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Fresh produce from informal traders: Is it safe to eat?

Unlike restaurants or conference venues that must be formally licensed to prepare and serve food, catering for local church weddings or funerals does not need to comply with specific health and safety standards.

The question is, how safe are such “occasional” foods really compared to foods from the formal sector?

Salads prepared the day before may or may not be kept in a fridge, and the raw produce used to make the salads may have been purchased from informal markets that don’t take food safety regulations into account. On the other hand, the produce may be prepared entirely hygienically and cooked adequately to ensure the safety of guests.

Dr Stacey Duvenage, a post-doctoral researcher in Prof Lise Korsten’s food safety team based at UP’s Department of Plant and Soil Sciences, says although millions of South Africans consume fresh produce from informal markets and settings, it is uncertain if it is as safe as produce bought from retailers and other formal food outlets such as restaurants.

“Previous research focussed mainly on ‘on farm’ food safety, but now the focus has shifted to the market and food plate. We no longer look at the production only but rather at the whole chain up to the point of consumption. Therefore we can ask, ‘how safe is the food on my plate?’

“We don’t yet know if food from formal or informal markets are more risky for consumers or not,” she says. “So now we are focussing on post-production at the consumer level.”

To get a clearer picture of the situation in Gauteng Province, the research group is investigating the safety of fresh produce prepared in churches, in people’s homes and in school feeding programmes.

Part of the challenge, says Duvenage, is that food safety guidelines are lacking for informal growers, vendors and school gardens. In addition, the people who rely most on the informal sector are often also the most food insecure.

Duvenage, who is part of the UP food safety research team working with the Institute for Food, Nutrition and Well-being (funded through the DST/ NRF Centre of Excellence Food Security), hopes that these studies will help establish such guidelines, and provide authorities with recommendations for better regulation of the informal sectors.

Fortunately, Korsten’s work ties in with the food safety and regulatory control programmes, which has a direct link with government to inform policy.

One of the key questions is, ‘how much microbial contamination is too much?’. Duvenage explains that microorganisms are naturally found on fresh produce, and that only some are harmful to humans, and only in certain quantities.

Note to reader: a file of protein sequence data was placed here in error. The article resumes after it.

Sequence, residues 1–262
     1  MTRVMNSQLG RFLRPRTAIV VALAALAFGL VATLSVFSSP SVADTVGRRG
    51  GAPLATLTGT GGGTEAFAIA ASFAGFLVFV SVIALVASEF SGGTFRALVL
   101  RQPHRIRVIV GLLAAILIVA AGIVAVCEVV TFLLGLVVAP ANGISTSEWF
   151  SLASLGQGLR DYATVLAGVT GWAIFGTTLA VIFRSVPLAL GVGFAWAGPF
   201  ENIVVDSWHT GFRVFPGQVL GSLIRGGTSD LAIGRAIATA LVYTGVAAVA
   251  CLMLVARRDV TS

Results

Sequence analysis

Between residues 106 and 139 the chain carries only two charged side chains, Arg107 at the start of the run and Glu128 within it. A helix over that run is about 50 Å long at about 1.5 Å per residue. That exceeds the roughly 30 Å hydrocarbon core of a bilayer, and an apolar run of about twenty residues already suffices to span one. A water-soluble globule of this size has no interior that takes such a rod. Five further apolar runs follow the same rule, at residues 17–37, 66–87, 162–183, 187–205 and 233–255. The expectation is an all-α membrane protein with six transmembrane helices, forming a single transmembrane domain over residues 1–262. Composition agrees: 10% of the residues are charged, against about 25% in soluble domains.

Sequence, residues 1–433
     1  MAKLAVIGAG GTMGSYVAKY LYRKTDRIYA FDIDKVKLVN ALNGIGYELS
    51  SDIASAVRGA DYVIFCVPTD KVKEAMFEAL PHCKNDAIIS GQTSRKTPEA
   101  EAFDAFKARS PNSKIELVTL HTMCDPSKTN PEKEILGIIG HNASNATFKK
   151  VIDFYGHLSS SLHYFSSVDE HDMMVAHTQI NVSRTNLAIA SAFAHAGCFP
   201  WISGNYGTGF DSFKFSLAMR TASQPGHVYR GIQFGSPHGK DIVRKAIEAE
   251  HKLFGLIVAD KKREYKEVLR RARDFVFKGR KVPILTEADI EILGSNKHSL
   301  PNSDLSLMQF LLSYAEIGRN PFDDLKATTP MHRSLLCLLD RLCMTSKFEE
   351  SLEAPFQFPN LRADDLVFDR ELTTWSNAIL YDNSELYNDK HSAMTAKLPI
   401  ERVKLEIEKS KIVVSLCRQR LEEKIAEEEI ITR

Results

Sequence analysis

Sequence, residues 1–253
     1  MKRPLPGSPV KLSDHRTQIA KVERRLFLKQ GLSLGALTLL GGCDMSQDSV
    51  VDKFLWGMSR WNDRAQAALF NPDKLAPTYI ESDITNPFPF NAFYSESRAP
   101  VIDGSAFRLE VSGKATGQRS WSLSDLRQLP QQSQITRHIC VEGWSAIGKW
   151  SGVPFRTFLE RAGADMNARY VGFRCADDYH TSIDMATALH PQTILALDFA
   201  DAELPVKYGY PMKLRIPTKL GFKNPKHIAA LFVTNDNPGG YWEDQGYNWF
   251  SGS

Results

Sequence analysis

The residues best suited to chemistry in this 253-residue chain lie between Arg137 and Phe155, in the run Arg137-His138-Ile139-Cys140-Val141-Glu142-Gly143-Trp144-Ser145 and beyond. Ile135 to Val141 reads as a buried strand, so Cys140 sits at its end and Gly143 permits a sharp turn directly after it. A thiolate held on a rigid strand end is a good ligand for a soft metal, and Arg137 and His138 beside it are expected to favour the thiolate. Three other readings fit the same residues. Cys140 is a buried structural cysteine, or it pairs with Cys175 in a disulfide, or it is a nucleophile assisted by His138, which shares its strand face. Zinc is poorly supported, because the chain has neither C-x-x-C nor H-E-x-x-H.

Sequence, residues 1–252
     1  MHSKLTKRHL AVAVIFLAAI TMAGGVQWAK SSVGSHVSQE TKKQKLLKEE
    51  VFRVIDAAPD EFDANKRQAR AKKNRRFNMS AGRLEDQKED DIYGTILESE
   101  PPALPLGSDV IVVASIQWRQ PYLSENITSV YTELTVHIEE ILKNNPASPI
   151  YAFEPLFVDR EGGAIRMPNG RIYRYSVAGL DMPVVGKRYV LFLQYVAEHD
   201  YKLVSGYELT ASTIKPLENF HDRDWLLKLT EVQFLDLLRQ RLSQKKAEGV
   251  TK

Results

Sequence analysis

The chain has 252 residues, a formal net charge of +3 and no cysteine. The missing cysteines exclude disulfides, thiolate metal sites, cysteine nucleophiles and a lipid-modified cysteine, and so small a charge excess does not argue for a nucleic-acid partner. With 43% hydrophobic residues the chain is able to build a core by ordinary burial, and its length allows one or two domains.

“In South Africa we don’t have a standard yet for fresh produce on farm or at the point of sale, only for ready to eat food,” she says. “Internationally standards may be unrealistic for South Africa and other countries, so if we can identify a healthy microbial load it will have international impact as well.”

“The goal of Prof Korsten’s life’s work has been to identify an organism that can be used as a quality indicator for a healthy microbial load on fresh produce,” adds Duvenage.

Duvenage’s own work is bringing them ever closer to that goal: she analyses disease-causing bacteria on crops. Her analysis paints a clear picture of the microbes found in and on the fresh produce, and it can also pinpoint potential sources of contamination.

“Irrigation water, soil, people who handle the fresh produce, contact surfaces - all of these are possible sources of contamination,” she explains. In a laboratory, she compares bacteria from these sources to those on the fresh produce to identify possible matches.

“We also look at characteristics of the bacteria, like whether they are harmful to humans and resistant to antibiotics.” She says this is important because it is estimated that by 2050, a large number of people will die due to the spread of antibiotic-resistant bacteria.

“After our analyses we give feedback to growers, sellers and handlers. We would like them to put strategies in place such as disinfection practices, better irrigation methods and improved  personal hygiene practices.”

She explains that most often, when farmers follow correct practices, produce will not be contaminated with disease-causing bacteria.

In the formal sector, this is usually the case. “It is highly controlled with certified processing facilities and top notch technologies for washing, disinfection, packaging and refrigerated transport,” she says.

In the informal sector however, the supply chain is much shorter and uncontrolled. “Hawkers may enter a farm and pick fresh produce without any specific hygienic practices, and then sell the produce from the back of a ‘bakkie’ to a local community or other sellers.”

Duvenage hopes that more studies into the differences between formal and informal markets will reveal lessons both can learn from each other to ensure food safety.

UP research shows that fresh produce sold by informal traders is no less safe than that in the shops.

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